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Philly of Gama Bomb (source)

The veneration of 1980s thrash, and its performative homages within the New Wave of Thrash Metal, can offer insights into the ways in which thrash metal might act as a heritage market. Moreover, however, the position of thrash in its current context can also tell us much about the ways in which metal fans and academics alike articulate and imagine metal’s histories. I think ultimately, what I want to open up here is a discussion of the troubles that can emerge in consistently seeing metal scenes in reference to their historical precedents. There is a limitation imposed upon bands by affirming ‘original’ scenes as the source of authentic frameworks, which might be resultant in the crisis of abundance that Kahn-Harris refers to. Moreover, our thrash-tinted glasses might also be complicit in a nostalgic romanticisation which overlooks the nuances and complexities of those early days, and also ignores the creative possibilities of thrash as it continues to evolve. Nevertheless, thrash has provided us with some of metal’s most important personalities, conflicts and histories – in the interest of full disclosure, I am writing this the same day as Dave Mustaine took to the stage to accept a 2017 Grammy whilst the ‘Master of Puppets’ riff played. Nostalgia for the glory days of the Metallica/Megadeth rivalry? I’ll take it.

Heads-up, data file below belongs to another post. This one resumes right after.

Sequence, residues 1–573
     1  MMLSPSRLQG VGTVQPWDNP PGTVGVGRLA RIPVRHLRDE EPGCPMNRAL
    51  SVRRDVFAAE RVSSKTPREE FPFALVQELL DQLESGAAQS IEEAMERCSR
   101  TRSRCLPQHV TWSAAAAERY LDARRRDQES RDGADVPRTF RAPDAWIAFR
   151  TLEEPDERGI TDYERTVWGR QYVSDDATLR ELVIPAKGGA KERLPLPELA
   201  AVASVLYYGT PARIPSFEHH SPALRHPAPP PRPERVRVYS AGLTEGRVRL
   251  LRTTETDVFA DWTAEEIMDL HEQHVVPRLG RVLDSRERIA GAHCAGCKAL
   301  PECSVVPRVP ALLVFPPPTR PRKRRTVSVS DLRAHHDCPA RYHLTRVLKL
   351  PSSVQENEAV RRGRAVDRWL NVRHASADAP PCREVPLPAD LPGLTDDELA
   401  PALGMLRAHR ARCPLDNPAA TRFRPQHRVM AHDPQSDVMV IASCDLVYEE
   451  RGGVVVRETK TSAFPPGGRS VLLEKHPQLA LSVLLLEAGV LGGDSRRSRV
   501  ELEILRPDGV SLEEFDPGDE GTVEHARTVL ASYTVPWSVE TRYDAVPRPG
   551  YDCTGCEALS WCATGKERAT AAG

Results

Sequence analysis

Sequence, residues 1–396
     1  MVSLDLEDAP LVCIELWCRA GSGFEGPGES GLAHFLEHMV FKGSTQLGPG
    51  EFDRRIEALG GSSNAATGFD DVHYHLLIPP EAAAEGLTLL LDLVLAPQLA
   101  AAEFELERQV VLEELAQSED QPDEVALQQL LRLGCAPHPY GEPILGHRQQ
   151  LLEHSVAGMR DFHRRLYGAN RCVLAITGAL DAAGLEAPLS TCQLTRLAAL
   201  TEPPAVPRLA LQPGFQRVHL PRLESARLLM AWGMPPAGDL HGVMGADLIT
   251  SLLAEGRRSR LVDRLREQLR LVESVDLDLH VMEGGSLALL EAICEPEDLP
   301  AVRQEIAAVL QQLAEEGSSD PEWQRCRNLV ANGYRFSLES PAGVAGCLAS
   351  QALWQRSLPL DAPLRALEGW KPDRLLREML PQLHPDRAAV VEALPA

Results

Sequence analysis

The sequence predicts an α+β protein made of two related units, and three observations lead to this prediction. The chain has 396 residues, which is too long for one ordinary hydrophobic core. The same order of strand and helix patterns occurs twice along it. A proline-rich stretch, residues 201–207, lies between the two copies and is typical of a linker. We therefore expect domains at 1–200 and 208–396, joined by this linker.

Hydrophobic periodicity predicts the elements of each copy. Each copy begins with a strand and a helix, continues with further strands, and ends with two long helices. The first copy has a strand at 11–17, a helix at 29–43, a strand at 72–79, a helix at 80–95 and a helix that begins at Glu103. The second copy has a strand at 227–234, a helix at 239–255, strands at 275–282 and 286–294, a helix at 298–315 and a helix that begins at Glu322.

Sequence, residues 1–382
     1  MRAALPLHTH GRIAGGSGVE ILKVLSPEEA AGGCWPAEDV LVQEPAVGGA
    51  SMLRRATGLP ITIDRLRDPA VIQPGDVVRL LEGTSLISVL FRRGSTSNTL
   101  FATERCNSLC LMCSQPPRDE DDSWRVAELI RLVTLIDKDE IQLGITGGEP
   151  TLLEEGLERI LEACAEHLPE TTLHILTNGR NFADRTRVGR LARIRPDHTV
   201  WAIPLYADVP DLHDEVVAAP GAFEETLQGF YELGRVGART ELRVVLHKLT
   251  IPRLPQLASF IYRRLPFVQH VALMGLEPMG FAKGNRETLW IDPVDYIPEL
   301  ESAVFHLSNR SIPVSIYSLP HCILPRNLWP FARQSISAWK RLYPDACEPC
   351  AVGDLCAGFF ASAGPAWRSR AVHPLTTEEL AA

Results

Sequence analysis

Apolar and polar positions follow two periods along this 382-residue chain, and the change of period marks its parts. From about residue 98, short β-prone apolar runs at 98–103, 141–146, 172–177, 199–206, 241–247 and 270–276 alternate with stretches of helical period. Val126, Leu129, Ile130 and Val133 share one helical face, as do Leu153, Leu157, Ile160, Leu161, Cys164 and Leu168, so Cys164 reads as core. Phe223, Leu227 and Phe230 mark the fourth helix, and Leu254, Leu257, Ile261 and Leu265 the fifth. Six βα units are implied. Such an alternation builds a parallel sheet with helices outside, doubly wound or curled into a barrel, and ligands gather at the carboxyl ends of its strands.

Works cited:

Brown, A. (2015). “Metal for the masses”: Or, will metal ever be mainstream again? (And why we should want it to be…) in Toni-Matti Karjalainen and Kimi Kärki (Eds) Modern Heavy Metal: Markets, Practices and Cultures (pp.454-464). Helsinki: Aalto University.

Kahn-Harris, K. (2015). Landfill Metal: The ironies of mediocrity in Toni-Matti Karjalainen and Kimi Kärki (Eds) Modern Heavy Metal: Markets, Practices and Cultures (pp.434-444). Helsinki: Aalto University.